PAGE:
Have Thine own way, Lord! Have Thine own way!
Thou art the Potter, I am the clay.
Mold me and make me after Thy will,
While I am waiting, yielded and still.
This hymn was written more than a century ago, leaving us with the question: Can we still find “the Potter’s House” today? Or will we decide to ignore God’s map for us?
First we need to make a right turn. A word that appears repeatedly in this passage from Jeremiah is “turn.” God speaks of a nation that “turns from its evil” (v. 8) and calls for Israel to “Turn now, all of you from your evil way” (v. 11). God also says that “I will change my mind” about a nation that turns from its evil (v. 8), and “I will change my mind” about a nation that turns toward evil (v. 10). This language of turning and changing is the language of molding and making. Nothing is fixed, everything is changing.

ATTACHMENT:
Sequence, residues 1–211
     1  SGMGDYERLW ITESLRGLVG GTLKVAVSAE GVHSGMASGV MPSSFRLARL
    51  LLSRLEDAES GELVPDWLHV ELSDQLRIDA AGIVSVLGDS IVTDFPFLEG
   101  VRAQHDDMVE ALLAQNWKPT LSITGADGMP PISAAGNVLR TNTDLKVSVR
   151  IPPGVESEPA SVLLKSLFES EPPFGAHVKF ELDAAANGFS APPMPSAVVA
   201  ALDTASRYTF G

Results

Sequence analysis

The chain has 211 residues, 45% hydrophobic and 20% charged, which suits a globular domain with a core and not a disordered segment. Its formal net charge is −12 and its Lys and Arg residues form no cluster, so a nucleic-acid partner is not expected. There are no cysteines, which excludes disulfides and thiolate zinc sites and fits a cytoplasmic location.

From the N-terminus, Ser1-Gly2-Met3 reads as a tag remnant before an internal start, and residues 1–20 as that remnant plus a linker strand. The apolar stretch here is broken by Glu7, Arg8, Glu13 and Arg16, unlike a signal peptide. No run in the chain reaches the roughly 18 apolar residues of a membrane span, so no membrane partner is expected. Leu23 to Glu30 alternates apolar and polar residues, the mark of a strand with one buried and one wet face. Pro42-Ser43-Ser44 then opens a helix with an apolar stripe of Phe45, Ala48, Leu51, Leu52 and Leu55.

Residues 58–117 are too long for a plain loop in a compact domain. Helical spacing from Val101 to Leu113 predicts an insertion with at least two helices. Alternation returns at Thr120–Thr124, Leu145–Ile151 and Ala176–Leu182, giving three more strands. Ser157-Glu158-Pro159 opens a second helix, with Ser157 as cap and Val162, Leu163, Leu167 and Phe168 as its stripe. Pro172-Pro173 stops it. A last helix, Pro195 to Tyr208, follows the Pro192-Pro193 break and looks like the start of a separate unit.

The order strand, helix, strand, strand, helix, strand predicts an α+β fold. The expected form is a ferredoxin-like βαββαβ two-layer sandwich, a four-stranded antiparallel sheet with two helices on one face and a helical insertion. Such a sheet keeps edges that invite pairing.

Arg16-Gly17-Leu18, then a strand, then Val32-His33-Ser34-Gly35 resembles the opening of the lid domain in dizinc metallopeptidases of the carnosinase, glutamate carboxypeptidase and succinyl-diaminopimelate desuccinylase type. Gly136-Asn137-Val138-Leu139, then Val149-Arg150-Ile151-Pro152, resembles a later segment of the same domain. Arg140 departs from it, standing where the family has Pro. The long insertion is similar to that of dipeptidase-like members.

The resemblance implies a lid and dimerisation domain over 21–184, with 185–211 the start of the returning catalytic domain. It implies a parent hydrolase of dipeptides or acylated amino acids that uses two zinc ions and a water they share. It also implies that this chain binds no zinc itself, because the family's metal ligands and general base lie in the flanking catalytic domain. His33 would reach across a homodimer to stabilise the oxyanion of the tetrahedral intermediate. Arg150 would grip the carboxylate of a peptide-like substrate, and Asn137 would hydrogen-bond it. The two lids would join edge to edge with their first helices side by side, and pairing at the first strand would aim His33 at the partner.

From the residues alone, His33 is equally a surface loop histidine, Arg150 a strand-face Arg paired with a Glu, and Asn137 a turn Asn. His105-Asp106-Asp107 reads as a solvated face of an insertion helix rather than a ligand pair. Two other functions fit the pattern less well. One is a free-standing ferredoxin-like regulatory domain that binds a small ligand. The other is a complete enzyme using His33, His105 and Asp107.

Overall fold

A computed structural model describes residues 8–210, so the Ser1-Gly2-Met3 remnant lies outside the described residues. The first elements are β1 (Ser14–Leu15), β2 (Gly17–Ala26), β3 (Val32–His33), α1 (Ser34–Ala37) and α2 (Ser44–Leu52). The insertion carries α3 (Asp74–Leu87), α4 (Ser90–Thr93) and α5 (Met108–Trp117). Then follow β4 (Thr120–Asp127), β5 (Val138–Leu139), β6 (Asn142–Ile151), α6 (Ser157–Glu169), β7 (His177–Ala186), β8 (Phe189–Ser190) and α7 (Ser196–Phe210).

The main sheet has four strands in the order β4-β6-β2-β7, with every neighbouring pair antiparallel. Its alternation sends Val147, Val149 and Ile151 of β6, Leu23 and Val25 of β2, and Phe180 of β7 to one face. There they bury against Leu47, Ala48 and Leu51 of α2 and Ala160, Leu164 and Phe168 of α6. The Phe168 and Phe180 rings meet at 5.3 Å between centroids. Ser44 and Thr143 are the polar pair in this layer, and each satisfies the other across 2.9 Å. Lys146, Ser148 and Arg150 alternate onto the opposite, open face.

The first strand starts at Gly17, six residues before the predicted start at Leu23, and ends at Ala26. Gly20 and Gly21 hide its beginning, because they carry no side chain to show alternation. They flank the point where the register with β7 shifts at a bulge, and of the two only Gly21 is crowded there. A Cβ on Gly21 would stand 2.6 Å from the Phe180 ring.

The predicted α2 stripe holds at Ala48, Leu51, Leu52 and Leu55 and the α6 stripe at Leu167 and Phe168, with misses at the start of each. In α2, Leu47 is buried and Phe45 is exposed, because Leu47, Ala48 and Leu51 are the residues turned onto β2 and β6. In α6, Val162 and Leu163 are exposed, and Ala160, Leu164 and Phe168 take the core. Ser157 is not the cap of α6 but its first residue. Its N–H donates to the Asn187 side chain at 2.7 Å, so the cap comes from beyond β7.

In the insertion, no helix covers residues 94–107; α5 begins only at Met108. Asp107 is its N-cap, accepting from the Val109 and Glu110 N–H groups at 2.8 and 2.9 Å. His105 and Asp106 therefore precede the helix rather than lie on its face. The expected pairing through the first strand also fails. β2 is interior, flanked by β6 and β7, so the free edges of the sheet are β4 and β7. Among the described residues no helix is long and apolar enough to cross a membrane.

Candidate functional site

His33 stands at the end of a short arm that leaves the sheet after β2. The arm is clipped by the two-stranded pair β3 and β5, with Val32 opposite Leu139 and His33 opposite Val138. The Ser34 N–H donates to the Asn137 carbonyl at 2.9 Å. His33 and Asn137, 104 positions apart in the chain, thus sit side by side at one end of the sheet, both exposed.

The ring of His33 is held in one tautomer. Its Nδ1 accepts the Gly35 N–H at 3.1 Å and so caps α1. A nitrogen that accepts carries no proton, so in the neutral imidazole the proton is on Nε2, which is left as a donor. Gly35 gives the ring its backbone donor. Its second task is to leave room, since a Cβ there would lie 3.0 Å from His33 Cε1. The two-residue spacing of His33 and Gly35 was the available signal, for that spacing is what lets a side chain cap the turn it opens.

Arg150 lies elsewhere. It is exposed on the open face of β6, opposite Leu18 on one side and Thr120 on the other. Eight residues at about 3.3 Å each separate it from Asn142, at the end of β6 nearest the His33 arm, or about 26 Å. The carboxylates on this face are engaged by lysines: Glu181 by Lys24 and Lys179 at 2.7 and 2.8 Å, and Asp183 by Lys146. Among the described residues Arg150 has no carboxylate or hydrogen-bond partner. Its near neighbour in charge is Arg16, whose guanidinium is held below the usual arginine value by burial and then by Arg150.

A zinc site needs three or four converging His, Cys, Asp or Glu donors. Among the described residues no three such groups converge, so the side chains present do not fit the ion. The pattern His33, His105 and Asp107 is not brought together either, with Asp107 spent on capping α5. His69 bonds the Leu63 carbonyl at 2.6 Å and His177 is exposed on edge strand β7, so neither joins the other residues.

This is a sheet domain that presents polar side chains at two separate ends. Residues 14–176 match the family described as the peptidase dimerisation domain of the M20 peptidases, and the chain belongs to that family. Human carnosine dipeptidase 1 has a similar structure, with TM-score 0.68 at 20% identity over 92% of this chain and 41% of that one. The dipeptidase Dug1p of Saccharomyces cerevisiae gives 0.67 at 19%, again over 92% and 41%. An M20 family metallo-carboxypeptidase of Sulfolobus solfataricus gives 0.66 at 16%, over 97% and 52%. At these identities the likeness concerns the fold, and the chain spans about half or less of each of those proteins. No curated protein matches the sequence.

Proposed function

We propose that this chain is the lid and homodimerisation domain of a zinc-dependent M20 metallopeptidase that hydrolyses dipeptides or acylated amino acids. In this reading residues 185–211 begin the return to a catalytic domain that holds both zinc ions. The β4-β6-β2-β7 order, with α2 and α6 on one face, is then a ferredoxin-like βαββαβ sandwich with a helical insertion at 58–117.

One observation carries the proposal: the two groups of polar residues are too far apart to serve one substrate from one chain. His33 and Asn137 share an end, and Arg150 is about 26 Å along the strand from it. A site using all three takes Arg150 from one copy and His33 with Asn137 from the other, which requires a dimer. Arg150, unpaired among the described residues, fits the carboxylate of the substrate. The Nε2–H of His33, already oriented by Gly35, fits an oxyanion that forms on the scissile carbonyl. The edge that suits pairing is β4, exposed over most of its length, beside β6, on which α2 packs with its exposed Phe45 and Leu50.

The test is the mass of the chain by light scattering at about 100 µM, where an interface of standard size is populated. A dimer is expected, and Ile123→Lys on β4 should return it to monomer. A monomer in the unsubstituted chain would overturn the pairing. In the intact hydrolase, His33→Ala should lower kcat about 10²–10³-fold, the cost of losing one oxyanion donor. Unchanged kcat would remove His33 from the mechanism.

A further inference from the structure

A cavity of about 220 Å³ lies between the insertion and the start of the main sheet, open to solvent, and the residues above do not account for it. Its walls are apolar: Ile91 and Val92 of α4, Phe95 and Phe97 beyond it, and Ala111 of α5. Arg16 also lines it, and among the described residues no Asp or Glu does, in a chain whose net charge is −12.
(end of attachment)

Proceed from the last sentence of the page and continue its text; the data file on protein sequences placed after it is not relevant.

Second: When you get there, allow the potter to work with your clay as he chooses. Don’t worry about what shape you are in now; the potter can reshape you. Don’t fixate on the flaws of the past; the potter can purify you. Don’t stress about wrong turns you’ve made in the past; the potter can help you move in a new direction.
In the Potter’s House, you are ever-changing clay in the divine potter’s hand.
Allow the divine potter to make you and mold you, according to his will. Open yourself to being filled with the Holy Spirit, until — as the old hymn says — all shall see “Christ only, always, living in me.”